From Quito we went back down south to Baños. There we went canyoning which was incredible!! Basically just abseiling down waterfalls which sounds absolutely mad but which is SO much fun! I would so do that all over again. Also we went to the thermal baths - you can't not go to the baños when you're in Baños! Really really lovely and and hot (and one which pretty much burnt your skin off as soon as you stepped in) and relaxing...although we did get stared at as if we were monkeys in a zoo or something.

I loved travelling, getting to see new cities and do things I've never done before. In a way it was sad to come home back to the aldea, but I missed the kids so much, especially the wee ones. It made me realise how hard it's going to be when we leave here in mid June to go travelling again!!

We now have a new summer timetable in the aldea, which Amy and I both really enjoy. In the mornings we have the wee ones in for an hour - that's Jandi (1), Fatima and Estrella (both 2 years old) playing with dolls and plastic bricks and drawing a wee bit. Then from 10 until 12 we're in the swimming pool with the pequeñitos - the kids aged 3 to 6. After lunch we do art with the pequeñitos again which they love - every day without fail we have kids knocking at our door wailing "para pintaaaaaar, para pintaar".

In the afternoons we have also started English lessons with the 5 siblings that are going to be adopted by a family in the U.S at the end of February. I really wasn't sure how this would go because I do not see myself as a teacher, at all, but it seems to be okay. The 3 boys (11, 12 and 15 years old) seem quite willing to learn and they're improving. The twins are harder to work with, they're 9 years old and don't have as much enthusiasm as the boys but we're getting there (we think) and they are learning, little by little.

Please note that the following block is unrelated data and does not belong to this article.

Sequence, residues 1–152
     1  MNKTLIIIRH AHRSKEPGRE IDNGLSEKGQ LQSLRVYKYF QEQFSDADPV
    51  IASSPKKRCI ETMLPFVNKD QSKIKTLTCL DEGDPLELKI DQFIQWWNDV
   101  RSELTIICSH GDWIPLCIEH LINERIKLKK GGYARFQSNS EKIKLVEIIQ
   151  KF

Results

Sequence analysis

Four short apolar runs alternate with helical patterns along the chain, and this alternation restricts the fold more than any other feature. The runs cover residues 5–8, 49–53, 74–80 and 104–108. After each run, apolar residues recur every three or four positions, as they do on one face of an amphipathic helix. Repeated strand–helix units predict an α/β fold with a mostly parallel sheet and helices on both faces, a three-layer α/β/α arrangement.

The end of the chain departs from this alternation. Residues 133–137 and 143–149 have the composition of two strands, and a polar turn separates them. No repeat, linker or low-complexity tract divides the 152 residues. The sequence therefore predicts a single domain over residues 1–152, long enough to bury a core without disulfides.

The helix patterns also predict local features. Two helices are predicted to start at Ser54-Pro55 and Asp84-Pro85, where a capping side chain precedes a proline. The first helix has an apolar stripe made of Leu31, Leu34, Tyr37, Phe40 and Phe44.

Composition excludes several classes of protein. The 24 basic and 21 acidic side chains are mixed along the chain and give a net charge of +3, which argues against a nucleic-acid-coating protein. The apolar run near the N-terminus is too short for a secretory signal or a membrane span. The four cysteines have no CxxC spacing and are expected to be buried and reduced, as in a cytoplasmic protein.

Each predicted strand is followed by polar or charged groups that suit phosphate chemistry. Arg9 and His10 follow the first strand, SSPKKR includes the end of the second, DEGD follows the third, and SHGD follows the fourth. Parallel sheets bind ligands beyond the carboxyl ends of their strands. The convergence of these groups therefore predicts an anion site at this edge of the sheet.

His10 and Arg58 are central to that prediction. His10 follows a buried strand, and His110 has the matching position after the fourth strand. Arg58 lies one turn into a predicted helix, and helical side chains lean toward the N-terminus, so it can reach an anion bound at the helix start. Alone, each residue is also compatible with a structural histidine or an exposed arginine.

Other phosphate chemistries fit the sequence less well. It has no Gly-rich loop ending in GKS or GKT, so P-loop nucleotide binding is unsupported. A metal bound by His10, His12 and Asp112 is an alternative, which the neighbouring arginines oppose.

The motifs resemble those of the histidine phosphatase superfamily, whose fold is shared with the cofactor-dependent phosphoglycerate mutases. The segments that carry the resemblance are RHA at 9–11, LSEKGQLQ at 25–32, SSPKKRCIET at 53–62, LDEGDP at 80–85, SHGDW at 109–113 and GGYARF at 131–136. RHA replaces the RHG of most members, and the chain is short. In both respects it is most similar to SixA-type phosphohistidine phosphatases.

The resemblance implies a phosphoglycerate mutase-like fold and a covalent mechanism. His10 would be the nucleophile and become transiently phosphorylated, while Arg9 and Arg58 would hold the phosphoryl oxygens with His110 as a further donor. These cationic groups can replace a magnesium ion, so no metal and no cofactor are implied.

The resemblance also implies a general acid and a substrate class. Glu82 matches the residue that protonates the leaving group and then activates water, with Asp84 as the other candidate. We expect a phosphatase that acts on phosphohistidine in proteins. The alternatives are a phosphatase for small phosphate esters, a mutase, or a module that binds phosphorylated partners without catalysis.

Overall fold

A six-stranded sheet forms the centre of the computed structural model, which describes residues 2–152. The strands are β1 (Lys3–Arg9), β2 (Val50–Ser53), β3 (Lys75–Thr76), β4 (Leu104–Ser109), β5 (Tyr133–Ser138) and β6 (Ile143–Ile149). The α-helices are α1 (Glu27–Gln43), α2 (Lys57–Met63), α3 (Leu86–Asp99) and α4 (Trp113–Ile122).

Also a big change in our aldea life is that Margarita and her 3 siblings have left to go and live with their parents. One of us was taking Margarita to the hospital every Monday, Wednesday and Friday for her therapy so without her here it's a bit weird! Unfortunately we're really worried her parents won't be able to take her into Trujillo for her therapy since they don't have much money, and that everything she's improved with will just go backwards. Of course she is with her family now and that's better for her, but we're just concerned about her development. She's just such a lovely wee girl!

I think that's everything for now, really sorry for the delays in blogging -I need to get back into the routine of getting a post done every 2 weeks or so!! It just depends though because some weeks it seems like nothing happens apart from our usual day to day aldea life, which I don't necessarily deem blog-worthy.

I'll leave you with some pics of our holidaying up North and in Ecuador.

Ciao for now!! Cuidate xxx





Amy, me and Cassie on the equator line

At the thermal baths in Baños

Sunday, 19 January 2014

Huaraz and Llanganuco Lakes